It is a very different can of worms from 'capital' (S2). It includes expense for labor, taxes, debt service...

When I look at Figure 1, I seem to see 'S2' including all those things. 'Capital' is just a shorthand.

"Modern society currently uses around 500 exajoules"
- per second? per year? A writeup of this nature should be more careful of units than the typical journalistic blunder.

"Decline in the physical component of EROI for renewable energy sources represents the likelihood of the most optimal sites being used earliest. For example, deployment of wind turbines presently occurs only in sites where the average wind speed is above some lower threshold and that are close to large demand centers to avoid the construction of large distribution networks. Over time, the availability of such optimal sites will decrease, pushing deployment into sites offering lower energy returns, which should be reflected in declining capacity factors over time."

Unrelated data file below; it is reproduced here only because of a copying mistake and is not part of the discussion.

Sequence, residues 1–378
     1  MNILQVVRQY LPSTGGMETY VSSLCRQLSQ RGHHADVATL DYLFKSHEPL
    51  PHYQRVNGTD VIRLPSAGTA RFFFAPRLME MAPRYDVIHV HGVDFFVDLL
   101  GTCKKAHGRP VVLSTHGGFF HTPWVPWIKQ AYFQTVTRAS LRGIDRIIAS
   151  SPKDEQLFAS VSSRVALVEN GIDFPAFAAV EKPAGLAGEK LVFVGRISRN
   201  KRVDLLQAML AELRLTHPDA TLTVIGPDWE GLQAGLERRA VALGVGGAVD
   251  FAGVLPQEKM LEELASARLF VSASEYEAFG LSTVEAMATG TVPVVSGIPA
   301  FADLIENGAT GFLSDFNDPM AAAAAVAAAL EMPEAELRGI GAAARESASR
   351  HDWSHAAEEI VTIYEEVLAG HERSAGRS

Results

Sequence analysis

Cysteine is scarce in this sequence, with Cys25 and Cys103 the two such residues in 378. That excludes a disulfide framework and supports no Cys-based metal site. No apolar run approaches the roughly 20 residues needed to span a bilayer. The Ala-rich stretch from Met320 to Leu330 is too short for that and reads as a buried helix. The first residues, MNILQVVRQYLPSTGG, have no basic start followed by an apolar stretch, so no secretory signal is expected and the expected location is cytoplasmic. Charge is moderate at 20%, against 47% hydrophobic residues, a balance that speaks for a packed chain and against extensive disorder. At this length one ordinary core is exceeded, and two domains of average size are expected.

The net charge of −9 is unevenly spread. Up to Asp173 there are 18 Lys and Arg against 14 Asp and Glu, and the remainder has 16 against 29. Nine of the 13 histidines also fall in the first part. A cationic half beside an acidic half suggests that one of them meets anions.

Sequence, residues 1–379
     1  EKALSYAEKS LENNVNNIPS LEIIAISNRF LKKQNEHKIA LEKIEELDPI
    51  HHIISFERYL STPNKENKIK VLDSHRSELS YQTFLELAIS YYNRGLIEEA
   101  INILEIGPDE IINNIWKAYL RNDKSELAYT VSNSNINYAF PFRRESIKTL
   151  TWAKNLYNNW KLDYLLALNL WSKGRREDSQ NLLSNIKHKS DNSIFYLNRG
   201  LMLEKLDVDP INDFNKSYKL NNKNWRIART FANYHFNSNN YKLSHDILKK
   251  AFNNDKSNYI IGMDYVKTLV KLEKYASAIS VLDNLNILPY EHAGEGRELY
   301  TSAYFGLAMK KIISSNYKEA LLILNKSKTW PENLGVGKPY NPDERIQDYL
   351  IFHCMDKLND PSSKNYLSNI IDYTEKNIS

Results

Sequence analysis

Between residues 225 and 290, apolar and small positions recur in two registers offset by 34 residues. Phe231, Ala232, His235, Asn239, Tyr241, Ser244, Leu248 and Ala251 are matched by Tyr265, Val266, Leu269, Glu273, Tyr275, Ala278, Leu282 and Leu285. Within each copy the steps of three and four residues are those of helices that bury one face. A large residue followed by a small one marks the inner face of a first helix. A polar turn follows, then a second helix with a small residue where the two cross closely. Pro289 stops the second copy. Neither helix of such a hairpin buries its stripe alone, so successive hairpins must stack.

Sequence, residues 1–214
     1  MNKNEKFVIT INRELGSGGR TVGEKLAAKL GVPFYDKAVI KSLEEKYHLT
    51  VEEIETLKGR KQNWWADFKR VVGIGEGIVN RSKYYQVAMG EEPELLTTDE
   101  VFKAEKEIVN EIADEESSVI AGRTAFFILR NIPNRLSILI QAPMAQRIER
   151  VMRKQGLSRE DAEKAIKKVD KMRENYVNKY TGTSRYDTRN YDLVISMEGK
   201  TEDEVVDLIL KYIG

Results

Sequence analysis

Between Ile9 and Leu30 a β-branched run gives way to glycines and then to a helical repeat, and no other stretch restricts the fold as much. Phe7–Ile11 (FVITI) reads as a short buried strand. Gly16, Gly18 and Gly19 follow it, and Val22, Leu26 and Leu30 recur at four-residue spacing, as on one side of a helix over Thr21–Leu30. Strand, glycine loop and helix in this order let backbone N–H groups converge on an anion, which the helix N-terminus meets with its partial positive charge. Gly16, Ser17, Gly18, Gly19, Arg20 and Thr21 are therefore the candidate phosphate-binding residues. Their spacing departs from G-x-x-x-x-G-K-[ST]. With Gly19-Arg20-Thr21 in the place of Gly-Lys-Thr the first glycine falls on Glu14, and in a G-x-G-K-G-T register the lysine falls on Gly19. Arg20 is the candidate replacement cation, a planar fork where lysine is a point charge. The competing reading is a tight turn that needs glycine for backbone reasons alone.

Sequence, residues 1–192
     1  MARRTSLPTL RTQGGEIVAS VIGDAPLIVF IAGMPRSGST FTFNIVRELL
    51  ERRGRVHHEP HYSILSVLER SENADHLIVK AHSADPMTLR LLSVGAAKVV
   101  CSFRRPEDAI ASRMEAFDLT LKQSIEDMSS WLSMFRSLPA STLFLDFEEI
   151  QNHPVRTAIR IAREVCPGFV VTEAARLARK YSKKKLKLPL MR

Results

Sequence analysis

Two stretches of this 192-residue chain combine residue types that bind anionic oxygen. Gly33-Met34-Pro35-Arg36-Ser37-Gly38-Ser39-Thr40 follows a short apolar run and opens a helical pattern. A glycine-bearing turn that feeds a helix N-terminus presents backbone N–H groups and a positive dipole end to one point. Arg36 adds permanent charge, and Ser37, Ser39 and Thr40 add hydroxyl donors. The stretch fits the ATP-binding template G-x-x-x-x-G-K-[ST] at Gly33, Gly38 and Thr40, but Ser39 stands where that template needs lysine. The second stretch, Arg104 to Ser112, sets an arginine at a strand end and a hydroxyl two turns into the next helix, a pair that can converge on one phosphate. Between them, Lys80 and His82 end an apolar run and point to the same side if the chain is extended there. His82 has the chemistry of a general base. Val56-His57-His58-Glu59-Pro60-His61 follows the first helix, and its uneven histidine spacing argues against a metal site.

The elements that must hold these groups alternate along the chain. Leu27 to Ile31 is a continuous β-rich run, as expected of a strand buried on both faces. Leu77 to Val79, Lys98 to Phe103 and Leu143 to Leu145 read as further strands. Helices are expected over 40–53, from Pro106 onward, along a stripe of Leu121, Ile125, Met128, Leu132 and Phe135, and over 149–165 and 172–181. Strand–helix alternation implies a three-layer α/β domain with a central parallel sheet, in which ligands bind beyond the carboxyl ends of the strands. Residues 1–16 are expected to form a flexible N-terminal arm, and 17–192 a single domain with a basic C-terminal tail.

I appreciate the reasoning here, but real world validity of this may be somewhat questionable, especially at the outset. Why does Germany have so much more PV than Arizona?

Just sayin...